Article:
In the end, the actual moving of all those boxes from one house to another never took place. I was dissuaded. And remain thankful for the intervention of friends.

On this last day of 2015, looking back on the chaos of March, I was, perhaps, a little bit like the baby whale mentioned in the earlier post. The difference, one difference at any rate, is that the baby, held aloft by its mother to view strangers afloat in a boat, knew enough not to want a home where it couldn’t survive … whereas I, blind-sided by something akin to love, was, for a time, willing to make the leap.

I glance up from these words, survey this room where a few cardboard boxes remain packed with non-essentials from then. One of these days I’ll get to them. One of these days all the “bricks” of 2015 will stack themselves into usable order. For the moment, it’s enough having them here in the room where I write, knowing the garden continues beyond the sliding glass door and will know my trowel and feel the snip of my clippers in the coming new year.

*

p.s. It’s taken the length of this write to realize those “57” views were predominantly mine. Is my little bubble of pride burst? Yes, dammit!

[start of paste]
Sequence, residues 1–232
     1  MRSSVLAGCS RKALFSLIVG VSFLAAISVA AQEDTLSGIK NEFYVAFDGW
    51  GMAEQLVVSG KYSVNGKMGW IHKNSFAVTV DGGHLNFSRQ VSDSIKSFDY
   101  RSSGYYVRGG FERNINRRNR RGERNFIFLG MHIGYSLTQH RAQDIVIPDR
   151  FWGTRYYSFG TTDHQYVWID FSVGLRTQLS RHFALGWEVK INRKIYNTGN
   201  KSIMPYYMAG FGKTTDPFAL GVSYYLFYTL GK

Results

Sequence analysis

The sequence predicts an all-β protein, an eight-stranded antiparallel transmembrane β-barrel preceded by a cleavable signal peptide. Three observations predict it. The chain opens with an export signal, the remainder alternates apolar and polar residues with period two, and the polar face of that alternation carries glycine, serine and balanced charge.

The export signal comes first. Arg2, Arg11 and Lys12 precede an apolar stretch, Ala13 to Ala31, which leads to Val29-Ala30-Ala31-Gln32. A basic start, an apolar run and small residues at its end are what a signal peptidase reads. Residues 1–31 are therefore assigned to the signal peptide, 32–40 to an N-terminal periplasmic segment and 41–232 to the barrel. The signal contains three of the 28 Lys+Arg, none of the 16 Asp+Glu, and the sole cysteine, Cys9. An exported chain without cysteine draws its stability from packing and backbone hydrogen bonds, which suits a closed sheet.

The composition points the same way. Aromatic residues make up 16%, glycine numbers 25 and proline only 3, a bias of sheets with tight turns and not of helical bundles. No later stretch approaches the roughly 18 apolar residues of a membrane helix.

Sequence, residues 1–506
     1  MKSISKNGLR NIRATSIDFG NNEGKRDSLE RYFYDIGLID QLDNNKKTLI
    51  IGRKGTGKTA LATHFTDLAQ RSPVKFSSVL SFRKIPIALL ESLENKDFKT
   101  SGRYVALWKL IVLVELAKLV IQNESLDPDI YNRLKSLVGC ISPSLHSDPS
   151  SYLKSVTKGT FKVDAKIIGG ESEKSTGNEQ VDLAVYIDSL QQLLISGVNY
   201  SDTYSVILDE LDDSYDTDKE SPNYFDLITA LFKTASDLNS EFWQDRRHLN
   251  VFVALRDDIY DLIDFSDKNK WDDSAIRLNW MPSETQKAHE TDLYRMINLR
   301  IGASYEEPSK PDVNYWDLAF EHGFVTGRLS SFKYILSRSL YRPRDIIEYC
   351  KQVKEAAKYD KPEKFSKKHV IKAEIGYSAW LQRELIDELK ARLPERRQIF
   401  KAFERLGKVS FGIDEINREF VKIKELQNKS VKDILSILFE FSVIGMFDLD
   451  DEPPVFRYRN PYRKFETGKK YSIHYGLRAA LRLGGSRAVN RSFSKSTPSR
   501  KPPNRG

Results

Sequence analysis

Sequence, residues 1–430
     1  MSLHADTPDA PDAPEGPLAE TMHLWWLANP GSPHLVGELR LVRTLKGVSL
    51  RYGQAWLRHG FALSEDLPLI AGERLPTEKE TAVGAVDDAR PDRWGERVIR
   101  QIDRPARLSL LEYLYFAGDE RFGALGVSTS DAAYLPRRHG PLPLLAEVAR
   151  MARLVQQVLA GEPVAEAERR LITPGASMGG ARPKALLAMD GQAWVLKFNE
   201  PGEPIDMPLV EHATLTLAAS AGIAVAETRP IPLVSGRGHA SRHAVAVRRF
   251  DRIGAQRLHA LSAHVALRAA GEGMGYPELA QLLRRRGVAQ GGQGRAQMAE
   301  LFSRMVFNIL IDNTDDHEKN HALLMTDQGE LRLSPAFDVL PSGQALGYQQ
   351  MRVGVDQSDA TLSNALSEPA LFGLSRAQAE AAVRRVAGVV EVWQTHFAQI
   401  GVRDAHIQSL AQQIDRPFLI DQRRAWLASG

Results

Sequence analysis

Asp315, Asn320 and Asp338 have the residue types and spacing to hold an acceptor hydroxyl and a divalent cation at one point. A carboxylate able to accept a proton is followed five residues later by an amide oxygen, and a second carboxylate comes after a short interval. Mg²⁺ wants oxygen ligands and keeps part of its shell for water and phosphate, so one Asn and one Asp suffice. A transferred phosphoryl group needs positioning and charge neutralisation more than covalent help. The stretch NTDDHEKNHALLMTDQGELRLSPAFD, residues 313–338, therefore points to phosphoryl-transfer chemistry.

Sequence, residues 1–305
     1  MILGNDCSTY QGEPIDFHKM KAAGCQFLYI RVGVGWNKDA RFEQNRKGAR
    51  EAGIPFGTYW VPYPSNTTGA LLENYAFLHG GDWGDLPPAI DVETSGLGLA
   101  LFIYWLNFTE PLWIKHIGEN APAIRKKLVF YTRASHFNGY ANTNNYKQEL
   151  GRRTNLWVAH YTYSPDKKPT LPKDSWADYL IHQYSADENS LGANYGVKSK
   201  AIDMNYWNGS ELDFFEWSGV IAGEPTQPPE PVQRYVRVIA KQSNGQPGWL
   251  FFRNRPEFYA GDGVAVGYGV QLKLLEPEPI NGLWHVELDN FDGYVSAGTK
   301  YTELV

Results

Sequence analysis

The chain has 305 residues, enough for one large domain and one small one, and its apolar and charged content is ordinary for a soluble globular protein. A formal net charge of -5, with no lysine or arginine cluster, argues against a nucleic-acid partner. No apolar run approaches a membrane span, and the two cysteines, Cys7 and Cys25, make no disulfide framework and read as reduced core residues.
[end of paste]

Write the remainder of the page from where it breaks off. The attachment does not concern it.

750words Feb 2 2015 ~ The Chipmunk Dance

The chipmunk dance was first introduced at a ceremony celebrating the arrival of the new moon, that tiny crescent of light tilted in the night sky like a fragile scoop honed from honeyed sunshine and hung high on the wall of el noche.

Man noted the slim elegance of this moon’s presence above the horizon and coincidentally movements of a furred animal with thin stripes of white running parallel over its shoulders and along its spine. Man was happy under the moon and over the chipmunk because, indeed, he was over the chipmunk as his shadow–thrown from the light of leaping flames unfurling toward dark heaven–flooded and pooled about the equally happy creature. Thus, Man identified the shape of the shadow as the shape of himself and movements of the chipmunk as the movements within himself as if he, himself, were the shadow and the chipmunk was, indeed, within Man’s self.